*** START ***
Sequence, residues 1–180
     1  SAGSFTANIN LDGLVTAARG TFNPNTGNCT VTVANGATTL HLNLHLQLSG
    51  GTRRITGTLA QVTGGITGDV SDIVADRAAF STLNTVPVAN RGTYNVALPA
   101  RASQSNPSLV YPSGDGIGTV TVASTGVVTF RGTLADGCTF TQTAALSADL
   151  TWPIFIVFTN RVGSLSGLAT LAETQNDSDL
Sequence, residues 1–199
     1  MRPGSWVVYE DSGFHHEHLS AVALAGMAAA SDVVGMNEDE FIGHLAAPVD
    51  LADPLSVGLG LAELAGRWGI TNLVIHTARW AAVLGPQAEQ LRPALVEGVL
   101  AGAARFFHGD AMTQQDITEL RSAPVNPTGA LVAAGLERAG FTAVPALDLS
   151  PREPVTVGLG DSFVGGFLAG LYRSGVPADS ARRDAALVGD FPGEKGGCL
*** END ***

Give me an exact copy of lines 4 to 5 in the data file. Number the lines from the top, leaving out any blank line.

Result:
   101  RASQSNPSLV YPSGDGIGTV TVASTGVVTF RGTLADGCTF TQTAALSADL
   151  TWPIFIVFTN RVGSLSGLAT LAETQNDSDL